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Everything posted by foodiehall

  1. Bump.....OK, forget "new and wonderful". Anything within walking distance of the coliseum which would accommodate a group of 12-13? Thanks in advance for suggestions!
  2. Hub & I will be in Charlotte for the ACC Tournament in a few weeks, haven't been there in several years. I've gone back through some Southeast threads for advice on Charlotte restaurants and since Lan4dawg seems to be impressed with Lulu, I thought we could check that out. Since we usually sit through all the games, we'll probably be going out to eat only a couple of times....for dinner. Are there any other "don't miss" places out there? We're very much into chef-owned places; not too interested in BBQ/steakhouse places on this trip. We used to love going to Lamplighter's on Morehead (?) Street and were very disappointed when it went out of business. Has that space been occupied by any other restaurant(S)? Thanks for any suggestions/advice you might pass along.
  3. Sorry I didn't suggest this sooner (maybe because it's not "southern"): Fins in downtown Raleigh, 110 East Davie Street, on the corner street level of a Progress Energy Building. Restaurant moved to this location several months ago and I think the the food there is better than ever. They don't have a website; I've copied this from Open Table (because I'm too dumb to figure out how to do links): # Fins writes... Open the door to Fins new restaurant in downtown Raleigh and WOW! The expansive bar has plenty of table seating for the early and late bar menu patrons. The open dining room, divided somewhat, has an intimate feeling and is surrounded by inviting booths. The 'robatayaki style' bar is an ideal vantage point for viewing the chefs as they work. Chef William D'Auvray has done it again and does not disappoint his many fans. As always, fish and seafood are a specialty but what he does with meat is unsurpassed. The variety in appetizers and entrees span the globe, using only the freshest harvest available. # Dining Style: Casual Elegant # Cuisine: Seafood # Neighborhood: Raleigh # Cross Street: Wilmington # Price: $30 and under # Phone: (919) 834-6963 # Hours of Operation: Lunch: Monday - Friday: 11:30am - 2:30pm Dinner: Monday - Thursday: 5:30pm - 10:00pm, Friday - Saturday: 5:30pm - 11:00pm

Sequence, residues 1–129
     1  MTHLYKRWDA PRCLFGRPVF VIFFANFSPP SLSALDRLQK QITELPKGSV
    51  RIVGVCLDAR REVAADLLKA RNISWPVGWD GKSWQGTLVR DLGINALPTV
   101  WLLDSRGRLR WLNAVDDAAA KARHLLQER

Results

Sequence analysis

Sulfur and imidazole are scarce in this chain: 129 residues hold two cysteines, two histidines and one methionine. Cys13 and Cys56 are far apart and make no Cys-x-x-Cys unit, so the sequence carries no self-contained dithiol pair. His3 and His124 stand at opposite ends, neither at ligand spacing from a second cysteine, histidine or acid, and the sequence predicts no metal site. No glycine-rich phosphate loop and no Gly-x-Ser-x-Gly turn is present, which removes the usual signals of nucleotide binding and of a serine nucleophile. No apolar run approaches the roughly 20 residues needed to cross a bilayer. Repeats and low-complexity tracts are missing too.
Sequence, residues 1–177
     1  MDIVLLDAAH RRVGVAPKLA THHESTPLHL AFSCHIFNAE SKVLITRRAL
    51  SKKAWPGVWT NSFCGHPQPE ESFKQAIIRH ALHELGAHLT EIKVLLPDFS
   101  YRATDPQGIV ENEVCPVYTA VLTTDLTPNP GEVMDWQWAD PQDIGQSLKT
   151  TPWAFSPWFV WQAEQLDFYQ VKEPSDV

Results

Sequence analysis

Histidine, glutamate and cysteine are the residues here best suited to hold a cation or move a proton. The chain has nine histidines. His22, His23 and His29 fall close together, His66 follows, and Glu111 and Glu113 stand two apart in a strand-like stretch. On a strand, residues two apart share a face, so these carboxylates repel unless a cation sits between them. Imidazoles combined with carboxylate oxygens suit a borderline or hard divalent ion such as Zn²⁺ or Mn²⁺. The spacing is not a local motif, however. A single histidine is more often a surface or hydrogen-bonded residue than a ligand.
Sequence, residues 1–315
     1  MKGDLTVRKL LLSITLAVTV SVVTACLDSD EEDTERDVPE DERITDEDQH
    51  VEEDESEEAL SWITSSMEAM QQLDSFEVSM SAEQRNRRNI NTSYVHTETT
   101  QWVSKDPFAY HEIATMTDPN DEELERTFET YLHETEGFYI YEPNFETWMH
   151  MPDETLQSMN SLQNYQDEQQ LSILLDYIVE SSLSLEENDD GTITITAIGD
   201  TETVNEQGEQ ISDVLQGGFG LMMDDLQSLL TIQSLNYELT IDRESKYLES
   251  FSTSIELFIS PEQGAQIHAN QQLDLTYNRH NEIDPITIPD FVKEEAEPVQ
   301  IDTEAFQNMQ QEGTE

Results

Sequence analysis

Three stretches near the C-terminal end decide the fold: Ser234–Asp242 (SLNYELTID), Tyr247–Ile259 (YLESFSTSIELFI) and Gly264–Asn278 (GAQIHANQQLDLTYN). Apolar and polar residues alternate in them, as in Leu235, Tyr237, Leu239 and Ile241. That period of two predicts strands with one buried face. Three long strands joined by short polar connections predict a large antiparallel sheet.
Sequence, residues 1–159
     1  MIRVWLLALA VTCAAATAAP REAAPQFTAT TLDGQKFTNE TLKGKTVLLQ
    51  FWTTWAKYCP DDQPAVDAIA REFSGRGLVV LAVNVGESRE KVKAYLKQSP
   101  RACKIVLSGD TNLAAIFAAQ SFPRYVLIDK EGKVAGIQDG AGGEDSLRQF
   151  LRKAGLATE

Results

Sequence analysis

4. I'll give shout-outs for Frazier's and Porter's....a louder one for Frazier's. As to parking, you might get lucky and find a space on Hillsborough Street in front of the restaurants. However, we can usually snag a place off Hillsborough on Chamberlain Street with no difficulty.
  5. Just a nitpickin correction: South is part of the Urban Food Group which also includes Frazier's, Porter's and Vivace and is owned by Kevin and Stacy Jennings. The Noble Food Group is owned/co-owned by Charlie Deal and I don't think any of their restaurants are in Raleigh....correct me if I'm wrong.
  6. I'll cast a vote for two of my faves which you didn't mention: Sermet's Corner on King Street and Cru Cafe on Cumberland Street (easily overlooked because of its out-of-the-way location), both in downtown Charleston. Both serve lunch and dinner.
  7. Guess Raleigh isn't a pizza kind of place! Visitors come to NC looking for great 'cue, but great pizza? Not so much. You, of all people, know that!